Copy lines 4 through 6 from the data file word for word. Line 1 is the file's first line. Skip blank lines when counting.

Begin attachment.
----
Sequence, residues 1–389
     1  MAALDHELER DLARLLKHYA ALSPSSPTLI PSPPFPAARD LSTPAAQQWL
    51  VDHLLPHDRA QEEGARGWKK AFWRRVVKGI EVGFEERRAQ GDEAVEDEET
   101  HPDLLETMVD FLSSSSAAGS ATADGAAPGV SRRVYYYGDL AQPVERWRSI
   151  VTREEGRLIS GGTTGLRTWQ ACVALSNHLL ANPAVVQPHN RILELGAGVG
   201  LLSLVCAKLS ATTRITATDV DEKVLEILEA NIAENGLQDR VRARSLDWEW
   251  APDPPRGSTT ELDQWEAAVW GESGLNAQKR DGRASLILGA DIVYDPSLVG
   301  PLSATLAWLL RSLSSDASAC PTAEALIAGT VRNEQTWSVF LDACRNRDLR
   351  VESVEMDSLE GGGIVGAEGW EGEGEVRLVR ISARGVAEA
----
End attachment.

   101  HPDLLETMVD FLSSSSAAGS ATADGAAPGV SRRVYYYGDL AQPVERWRSI
   151  VTREEGRLIS GGTTGLRTWQ ACVALSNHLL ANPAVVQPHN RILELGAGVG
   201  LLSLVCAKLS ATTRITATDV DEKVLEILEA NIAENGLQDR VRARSLDWEW